Driverless Cars Will Make A Lot of Jobs Better, Not Destroy Them

Uber employees test a self-driving Ford Fusion hybrid car, in Pittsburgh.

Uber employees test a self-driving Ford Fusion hybrid car, in Pittsburgh. Jared Wickerham/AP File Photo

A recent report from the Commerce Department identified 11.7 million workers in occupations for which driving is an important task.

The rise of autonomous vehicles will almost certainly mean lost jobs for a large portion of the nearly 4 million people in the US for whom driving is the main part of their work. These truck drivers, taxi and Uber drivers, and bus drivers (broadly referred to as motor vehicle operators) find themselves directly in the path of a revolutionary technological change that will reshape the global economy over time.

But full-time drivers aren’t the only workers autonomous vehicles will affect. A recently released report from the US Department of Commerce identified 11.7 million other workers in occupations for which driving is an important task, even if it isn’t the primary one. These “on-the-job drivers” include professions like personal-care aides, police officers, mail carriers, and real estate agents. Though these workers won’t be entirely displaced by self-driving cars, the nature of their work will fundamentally change.

While the Department of Commerce is pessimistic about the impact of autonomous vehicles on the job prospects of the older, less educated people who tend to work as motor vehicle operators, they are bullish about how the new technology will affect on-the-job drivers. They may “benefit from greater productivity and better working conditions,” the report claims. The use of autonomous vehicles could actually increase the demand for certain jobs by reducing their costs. For example, plumbers and electricians may become cheaper because of lower transport costs, and because those workers will be able use that travel time to manage their billing or prepare for their next appointment.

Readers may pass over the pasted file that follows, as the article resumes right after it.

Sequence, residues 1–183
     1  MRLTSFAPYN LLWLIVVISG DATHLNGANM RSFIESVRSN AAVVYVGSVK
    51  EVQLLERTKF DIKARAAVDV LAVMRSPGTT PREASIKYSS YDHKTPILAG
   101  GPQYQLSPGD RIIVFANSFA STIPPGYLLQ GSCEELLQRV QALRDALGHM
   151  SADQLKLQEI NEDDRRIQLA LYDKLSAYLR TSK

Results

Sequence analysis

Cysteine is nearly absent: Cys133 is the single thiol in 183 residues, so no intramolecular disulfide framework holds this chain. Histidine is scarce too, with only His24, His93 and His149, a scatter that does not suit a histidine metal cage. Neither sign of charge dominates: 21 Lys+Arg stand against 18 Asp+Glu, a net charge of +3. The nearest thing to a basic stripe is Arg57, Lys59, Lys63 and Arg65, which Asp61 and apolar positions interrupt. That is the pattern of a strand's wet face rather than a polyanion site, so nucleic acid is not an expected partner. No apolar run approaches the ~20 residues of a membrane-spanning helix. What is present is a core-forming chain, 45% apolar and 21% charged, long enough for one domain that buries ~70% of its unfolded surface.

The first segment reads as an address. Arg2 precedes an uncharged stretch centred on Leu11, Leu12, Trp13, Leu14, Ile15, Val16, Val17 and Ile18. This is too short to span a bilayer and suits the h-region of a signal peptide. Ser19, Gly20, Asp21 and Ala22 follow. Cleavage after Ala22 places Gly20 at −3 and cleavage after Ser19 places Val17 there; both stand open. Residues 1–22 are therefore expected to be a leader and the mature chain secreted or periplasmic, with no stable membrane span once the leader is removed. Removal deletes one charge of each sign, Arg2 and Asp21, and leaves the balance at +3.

The Department of Commerce also points out that even if some of these on-the-job drivers are displaced, they will probably be able to find other work that makes sense for them. Compared to motor vehicle operators, these people tend to be more educated, and currently in jobs that call for the kind of problem-solving skills that are most in demand in the labor market. They also tend to be younger and thus, on the whole, more adaptable.

Employment statistics (2015) Motor vehicle operators On-the-job drivers All occupations
Employment (millions of workers) 3.79 11.66 137.00
Mean annual wages $36,500 $46,700 $48,300
Median Age 46 43 41
Bachelors degree 7.6% 27.7% 33.4%
Male 88.0% 68.8% 52.7%
White 70.3% 76.8% 74.9%
Veteran 11.5% 8.9% 5.5%

The Department of Commerce’s report is a reminder of the complex ways that autonomous vehicles will impact the future of work. Yes, truck drivers will probably be replaced and commutes will be more pleasant because you’ll be able to watch TV. But not needing to drive will also change the work of police officers and electricians in ways we can’t foresee.

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